The Ultimate Agvocate

Rising Leader Kateland Raney Is Passionate About Ag


photos by IMAGES BY BLAIR 

A lifetime in the cattle industry has given Kateland Raney a dedication to and passion for not just cattle but agriculture in general. “Agriculture has always been in my life,” she says. “I was fortunate to be one of those kids who was raised in the industry and taught the agriculture values.”

Raney’s parents owned a livestock market for 25 years, and she recalls spending Saturdays running baby calves down the alleyway at the cow sale with her brother, Kenny. She was also heavily involved in FFA and was an FFA officer in high school.

While her parents no longer own the market, she, Kenny, and her parents all own cattle today and participate in the family cattle business. They own Brahman-influenced cattle and have a commercial cow-calf business. Their calves are sold at market, which allows them to continue to grow their herds. 

Raney and her father also own a direct-to-consumer beef business, Pine Lake Beef Company, through which they sell beef directly to individual consumers as well as to local restaurants. 

“The best part of working with family is the relationship I have with my dad,” Raney says. “We talk two or three times a day every day, and our relationship is close not only because of the business but just because we talk so much. My favorite part is the quality time we get to spend together.”

She works as an Agricultural Loan Closer for AgAmerica Lending and spends much of her time involved in agricultural advocacy.

She is the Co-Chair of the Polk County Farm Bureau Young Farmers and Ranchers Committee. 

“As our Polk Young Farmer & Rancher Committee chair, Kateland defines what we hope to see in rising agricultural leadership,” says Polk County Farm Bureau Executive Director Carole McKenzie. “In addition to her many Florida Farm Bureau State Leadership Committee activities, Kateland has raised Polk County Farm Bureau’s community outreach profile by coordinating charity drives for both hurricane and hunger relief programs.”  

“She has also revamped important advocacy and community education projects to increase our public education exposure,” McKenzie continues. “We look forward to Kateland’s continued Farm Bureau leadership for many years to come.” 

Raney is also Secretary of the Board of Directors of Central Florida Youth in Agriculture. She is a member of the Florida Cattelwomen’s Association, Polk County Cattlewomen’s Association, and the Polk County Farm Bureau Women’s Committee.

She says it is important to encourage younger members of the agricultural community and to give them the knowledge they need to succeed. She says it’s important to show younger agriculture professionals that they can bring science and technology skills to ag.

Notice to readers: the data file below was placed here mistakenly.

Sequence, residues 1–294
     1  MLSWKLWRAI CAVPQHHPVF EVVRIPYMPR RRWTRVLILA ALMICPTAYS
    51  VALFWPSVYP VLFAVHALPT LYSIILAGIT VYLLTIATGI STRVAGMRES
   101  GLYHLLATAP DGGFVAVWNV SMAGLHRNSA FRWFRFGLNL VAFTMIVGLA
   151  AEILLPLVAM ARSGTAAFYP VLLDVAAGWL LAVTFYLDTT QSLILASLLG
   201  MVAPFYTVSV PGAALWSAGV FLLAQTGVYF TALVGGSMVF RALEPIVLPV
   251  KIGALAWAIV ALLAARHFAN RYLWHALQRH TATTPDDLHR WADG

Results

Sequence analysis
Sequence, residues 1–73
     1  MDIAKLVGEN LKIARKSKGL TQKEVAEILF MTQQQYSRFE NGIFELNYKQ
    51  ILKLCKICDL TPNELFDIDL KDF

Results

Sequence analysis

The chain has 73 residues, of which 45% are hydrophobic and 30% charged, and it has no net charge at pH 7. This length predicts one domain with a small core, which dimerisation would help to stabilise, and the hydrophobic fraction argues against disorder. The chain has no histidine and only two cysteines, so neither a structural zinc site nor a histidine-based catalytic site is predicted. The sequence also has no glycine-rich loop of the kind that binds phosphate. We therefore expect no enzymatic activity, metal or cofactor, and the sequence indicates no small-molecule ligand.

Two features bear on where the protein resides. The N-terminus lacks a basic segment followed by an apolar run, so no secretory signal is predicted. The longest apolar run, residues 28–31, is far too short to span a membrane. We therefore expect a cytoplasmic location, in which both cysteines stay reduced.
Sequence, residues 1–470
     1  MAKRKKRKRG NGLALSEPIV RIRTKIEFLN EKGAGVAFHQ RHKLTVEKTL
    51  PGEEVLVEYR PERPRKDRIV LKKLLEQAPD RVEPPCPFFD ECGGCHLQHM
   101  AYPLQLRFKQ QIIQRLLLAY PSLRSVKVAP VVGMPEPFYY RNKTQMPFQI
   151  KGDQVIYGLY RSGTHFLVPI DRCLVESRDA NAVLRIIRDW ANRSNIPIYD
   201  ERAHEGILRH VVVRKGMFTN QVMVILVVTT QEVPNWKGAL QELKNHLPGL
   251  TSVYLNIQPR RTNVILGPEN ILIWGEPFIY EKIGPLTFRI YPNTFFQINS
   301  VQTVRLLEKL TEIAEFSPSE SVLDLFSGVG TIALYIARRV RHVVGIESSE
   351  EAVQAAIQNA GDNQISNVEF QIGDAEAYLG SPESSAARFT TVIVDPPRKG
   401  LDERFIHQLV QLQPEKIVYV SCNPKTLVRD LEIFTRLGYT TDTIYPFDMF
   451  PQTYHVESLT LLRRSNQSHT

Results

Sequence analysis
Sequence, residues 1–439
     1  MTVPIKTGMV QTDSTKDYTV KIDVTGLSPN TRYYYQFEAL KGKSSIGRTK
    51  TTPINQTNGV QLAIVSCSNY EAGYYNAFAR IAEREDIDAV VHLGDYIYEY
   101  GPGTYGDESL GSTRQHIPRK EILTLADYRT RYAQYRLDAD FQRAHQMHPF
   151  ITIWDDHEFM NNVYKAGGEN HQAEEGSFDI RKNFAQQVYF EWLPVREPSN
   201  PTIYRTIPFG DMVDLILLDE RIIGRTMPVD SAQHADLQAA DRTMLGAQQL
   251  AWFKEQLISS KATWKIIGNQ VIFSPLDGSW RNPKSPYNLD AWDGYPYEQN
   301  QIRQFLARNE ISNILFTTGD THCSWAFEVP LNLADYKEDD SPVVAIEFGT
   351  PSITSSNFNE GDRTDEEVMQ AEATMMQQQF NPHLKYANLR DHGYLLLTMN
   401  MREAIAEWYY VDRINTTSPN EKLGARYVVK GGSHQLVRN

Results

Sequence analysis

“Advocating for this industry is one of my greatest passions so that it will still be here and thriving when those younger generations get to be my age,” she says.

In late April, Raney and several other Florida Farm Bureau advocates traveled to Washington, D.C. for the 2023 Field to the Hill Trip to meet with elected and appointed officials to advocate for issues affecting those in the Florida agriculture industry. 

Raney says the lack of processing facilities is the greatest challenge facing the cattle industry at the moment, not just in Florida.

“There are only four major processing centers in the United States,” she explains, “and they have control over the price things are set at, which trickles down to us on the ranch.”

She goes on to say that the industry also has a problem with a lack of labeling requirements. She explains that unlike fish, for example, beef does not require country of origin labeling, so there is no way for the consumer to know whether the steak they purchase in the store was born, raised, and processed in the United States — or locally here in Florida — or born and raised in another country and simply processed in the United States. 

“We are fighting the prices foreign beef can be sold at even though we know we prepare a better quality because we have higher standards,” she continues. “We are providing a better product, but the consumer doesn’t know that.”

“During Covid, we really saw an uptick in consumers wanting to buy local,” she says. “You can buy your beef, pork, and vegetables directly from a farm or ranch. We have consumers who buy directly from us.”

“The positive feedback we get from our clients is really rewarding,” she says. “I have a lot of pride in what we do as ranchers and in the product that we turn over to consumers.”

Raney continues by saying, “I am very proud to be part of this industry, though it is very hard. People can get discouraged quickly. Even if you fail the first or second time, if agriculture is something you are passionate about, don’t quit.”

“It’s a given that you will fail at some point in this industry,” she says. “Just keep going and pursuing your passion and what you want to do in life.”

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